West Virginia has one of the most comprehensive DUI laws in the U.S., especially when you weigh in the state’s ignition interlock program. That program gives anyone who faces a West Virginia DUI license suspension the chance to keep driving, as long as they have an ignition interlock installed. However, in a new quest for a smaller government role in the lives of citizens, a new bill has been introduced that could shake the safety of the West Virginia DUI program.
Administrative changes could affect the West Virginia DUI license suspensions and ignition interlock compliance.
WV Senate Bill 212 will eliminate the West Virginia Office of Administrative Hearings, a move that MADD says will reduce the effectiveness of the state’s current system. Without that office, access to ignition interlock devices after a West Virginia DUI won’t occur until a court hearing, which can take much longer. During that time, MADD says more accused and/or previously convicted drunk drivers will be driving, even with a license suspension. Without an ignition interlock device, those offenders could very well be driving illegally on a suspended license, while intoxicated.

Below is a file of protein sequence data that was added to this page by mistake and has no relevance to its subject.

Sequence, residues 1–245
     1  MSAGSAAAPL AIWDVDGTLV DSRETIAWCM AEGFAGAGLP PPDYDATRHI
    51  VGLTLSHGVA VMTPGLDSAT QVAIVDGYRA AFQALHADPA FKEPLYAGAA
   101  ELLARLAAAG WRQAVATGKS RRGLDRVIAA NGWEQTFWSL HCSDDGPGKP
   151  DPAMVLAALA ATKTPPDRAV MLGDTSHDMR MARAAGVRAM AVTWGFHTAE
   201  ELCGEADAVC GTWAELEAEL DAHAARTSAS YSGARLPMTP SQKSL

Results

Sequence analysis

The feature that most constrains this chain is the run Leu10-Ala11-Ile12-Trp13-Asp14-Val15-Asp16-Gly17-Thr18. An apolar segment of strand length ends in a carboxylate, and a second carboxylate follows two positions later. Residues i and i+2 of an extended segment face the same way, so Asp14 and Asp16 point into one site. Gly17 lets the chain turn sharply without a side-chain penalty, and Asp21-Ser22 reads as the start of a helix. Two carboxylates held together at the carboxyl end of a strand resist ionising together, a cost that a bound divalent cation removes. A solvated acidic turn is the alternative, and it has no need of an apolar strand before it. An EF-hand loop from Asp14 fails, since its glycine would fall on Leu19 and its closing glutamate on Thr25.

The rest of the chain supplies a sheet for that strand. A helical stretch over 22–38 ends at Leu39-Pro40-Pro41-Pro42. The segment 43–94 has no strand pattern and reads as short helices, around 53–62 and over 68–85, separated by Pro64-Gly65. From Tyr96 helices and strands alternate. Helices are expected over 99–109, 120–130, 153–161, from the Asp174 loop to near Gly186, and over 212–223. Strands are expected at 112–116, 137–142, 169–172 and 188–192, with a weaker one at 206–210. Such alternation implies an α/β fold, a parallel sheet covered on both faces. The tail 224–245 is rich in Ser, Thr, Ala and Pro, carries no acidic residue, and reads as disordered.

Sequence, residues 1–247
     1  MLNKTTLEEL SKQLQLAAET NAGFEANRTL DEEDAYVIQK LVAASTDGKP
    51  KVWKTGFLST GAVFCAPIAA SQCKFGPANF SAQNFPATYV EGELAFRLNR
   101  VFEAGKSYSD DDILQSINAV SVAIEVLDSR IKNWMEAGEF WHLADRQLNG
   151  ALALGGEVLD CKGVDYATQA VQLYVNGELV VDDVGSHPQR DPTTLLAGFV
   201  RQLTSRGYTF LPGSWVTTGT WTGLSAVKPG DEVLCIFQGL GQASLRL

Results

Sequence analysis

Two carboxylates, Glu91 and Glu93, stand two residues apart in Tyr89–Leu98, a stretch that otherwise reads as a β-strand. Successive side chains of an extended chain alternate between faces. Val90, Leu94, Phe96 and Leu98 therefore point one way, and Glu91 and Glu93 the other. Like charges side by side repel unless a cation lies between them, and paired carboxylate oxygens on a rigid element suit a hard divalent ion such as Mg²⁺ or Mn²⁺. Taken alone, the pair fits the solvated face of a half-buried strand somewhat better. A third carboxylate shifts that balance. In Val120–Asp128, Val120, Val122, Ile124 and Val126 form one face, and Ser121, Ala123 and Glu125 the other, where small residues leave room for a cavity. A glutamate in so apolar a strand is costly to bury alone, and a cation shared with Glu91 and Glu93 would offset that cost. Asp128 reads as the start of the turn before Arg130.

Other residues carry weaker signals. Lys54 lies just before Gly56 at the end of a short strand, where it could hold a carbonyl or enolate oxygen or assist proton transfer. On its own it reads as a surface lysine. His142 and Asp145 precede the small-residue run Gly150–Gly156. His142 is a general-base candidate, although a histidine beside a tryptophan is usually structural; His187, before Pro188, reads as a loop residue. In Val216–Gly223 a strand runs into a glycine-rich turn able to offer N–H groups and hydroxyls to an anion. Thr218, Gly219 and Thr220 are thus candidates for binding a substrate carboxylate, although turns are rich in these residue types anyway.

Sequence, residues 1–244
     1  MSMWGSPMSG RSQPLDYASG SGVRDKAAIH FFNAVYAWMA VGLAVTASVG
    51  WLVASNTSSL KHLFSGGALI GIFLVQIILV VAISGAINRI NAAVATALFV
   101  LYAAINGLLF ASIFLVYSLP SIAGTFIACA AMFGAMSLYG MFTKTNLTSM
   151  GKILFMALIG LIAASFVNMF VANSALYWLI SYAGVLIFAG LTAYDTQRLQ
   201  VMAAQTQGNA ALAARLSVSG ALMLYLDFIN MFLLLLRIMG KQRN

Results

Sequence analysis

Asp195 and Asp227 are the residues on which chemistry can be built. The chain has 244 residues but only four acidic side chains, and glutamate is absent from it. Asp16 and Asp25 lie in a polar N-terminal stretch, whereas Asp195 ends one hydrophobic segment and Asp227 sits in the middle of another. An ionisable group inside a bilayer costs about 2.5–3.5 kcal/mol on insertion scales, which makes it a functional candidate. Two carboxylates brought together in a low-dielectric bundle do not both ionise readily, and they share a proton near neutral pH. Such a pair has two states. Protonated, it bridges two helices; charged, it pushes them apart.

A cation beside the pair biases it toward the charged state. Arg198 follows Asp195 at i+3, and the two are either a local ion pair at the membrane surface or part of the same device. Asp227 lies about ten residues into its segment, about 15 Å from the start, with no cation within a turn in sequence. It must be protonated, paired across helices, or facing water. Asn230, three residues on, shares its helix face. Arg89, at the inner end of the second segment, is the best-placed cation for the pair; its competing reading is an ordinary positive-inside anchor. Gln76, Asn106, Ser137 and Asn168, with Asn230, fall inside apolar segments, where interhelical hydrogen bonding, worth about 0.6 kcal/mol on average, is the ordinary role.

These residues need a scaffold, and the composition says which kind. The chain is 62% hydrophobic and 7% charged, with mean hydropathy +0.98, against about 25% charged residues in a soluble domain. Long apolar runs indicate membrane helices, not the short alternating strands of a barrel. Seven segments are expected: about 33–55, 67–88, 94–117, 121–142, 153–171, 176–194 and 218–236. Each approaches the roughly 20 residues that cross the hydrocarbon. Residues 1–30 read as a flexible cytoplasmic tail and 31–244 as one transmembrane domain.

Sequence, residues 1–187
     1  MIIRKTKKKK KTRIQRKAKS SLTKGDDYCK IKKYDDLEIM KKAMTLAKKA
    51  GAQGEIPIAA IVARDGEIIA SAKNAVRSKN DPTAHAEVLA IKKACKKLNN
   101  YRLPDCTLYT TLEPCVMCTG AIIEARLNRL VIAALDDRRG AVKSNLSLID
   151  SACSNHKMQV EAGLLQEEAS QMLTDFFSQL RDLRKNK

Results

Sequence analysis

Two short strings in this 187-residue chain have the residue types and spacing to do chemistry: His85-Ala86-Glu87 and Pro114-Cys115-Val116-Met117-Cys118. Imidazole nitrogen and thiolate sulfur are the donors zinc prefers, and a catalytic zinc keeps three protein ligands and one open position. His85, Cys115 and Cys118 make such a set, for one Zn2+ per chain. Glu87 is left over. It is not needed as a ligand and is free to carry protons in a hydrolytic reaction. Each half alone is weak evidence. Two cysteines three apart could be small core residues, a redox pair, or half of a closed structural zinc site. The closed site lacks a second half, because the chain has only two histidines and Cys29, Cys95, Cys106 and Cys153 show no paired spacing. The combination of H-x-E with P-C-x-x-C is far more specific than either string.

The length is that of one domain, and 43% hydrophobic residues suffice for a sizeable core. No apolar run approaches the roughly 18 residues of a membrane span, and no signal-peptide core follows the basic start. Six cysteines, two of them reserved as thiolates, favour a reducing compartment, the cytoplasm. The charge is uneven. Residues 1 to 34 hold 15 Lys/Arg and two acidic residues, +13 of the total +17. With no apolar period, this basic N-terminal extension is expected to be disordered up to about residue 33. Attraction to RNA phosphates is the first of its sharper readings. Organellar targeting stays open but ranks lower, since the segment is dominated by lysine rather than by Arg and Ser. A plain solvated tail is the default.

In 2016, 2,730 DUI attempts (at or above .08 percent BAC) were stopped by ignition interlock devices. That doesn’t even begin to point how many attempts were stopped at the limit for ignition interlock users (usually around .02 percent).
Bear in mind that the West Virginia DUI laws and courts are strict, but the waiting game becomes a big factor for an offender. Too often they drive while suspended to maintain employment or fulfill other obligations. By keeping the Office of Administrative Hearings open, there’s an immediate solution for everyone after a West Virginia DUI that quickly leads to an ignition interlock installation and safer roads for us all.
Take action, call and voice your OPPOSITION to WV Senate Bill 212.